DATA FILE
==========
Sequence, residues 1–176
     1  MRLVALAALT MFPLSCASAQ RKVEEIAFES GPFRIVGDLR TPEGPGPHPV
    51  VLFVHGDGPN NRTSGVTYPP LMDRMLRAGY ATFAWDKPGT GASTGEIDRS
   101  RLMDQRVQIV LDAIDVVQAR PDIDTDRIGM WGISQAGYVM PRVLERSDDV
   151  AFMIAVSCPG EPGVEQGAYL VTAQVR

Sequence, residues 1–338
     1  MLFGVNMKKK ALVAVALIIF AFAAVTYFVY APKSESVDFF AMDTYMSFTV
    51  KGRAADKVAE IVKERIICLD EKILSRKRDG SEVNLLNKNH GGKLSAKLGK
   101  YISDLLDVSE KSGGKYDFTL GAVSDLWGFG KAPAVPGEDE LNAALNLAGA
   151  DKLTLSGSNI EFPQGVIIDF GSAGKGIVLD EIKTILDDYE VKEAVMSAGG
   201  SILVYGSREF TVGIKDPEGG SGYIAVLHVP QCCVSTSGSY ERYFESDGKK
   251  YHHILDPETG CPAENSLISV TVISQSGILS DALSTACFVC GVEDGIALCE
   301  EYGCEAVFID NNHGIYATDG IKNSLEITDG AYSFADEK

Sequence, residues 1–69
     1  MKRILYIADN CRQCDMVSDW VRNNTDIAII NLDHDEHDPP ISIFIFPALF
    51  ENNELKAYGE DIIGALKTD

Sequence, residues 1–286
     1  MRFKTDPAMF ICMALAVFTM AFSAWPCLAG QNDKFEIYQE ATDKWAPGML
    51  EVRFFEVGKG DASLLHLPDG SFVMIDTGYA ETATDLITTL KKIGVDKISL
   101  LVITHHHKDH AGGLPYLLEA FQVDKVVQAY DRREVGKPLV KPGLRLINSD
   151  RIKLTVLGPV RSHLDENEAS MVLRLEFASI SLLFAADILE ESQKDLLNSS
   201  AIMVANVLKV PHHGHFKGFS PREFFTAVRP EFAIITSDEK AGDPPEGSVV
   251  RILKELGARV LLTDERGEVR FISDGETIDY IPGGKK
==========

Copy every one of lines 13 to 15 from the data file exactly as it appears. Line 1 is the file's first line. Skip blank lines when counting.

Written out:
   301  EYGCEAVFID NNHGIYATDG IKNSLEITDG AYSFADEK

Sequence, residues 1–69
     1  MKRILYIADN CRQCDMVSDW VRNNTDIAII NLDHDEHDPP ISIFIFPALF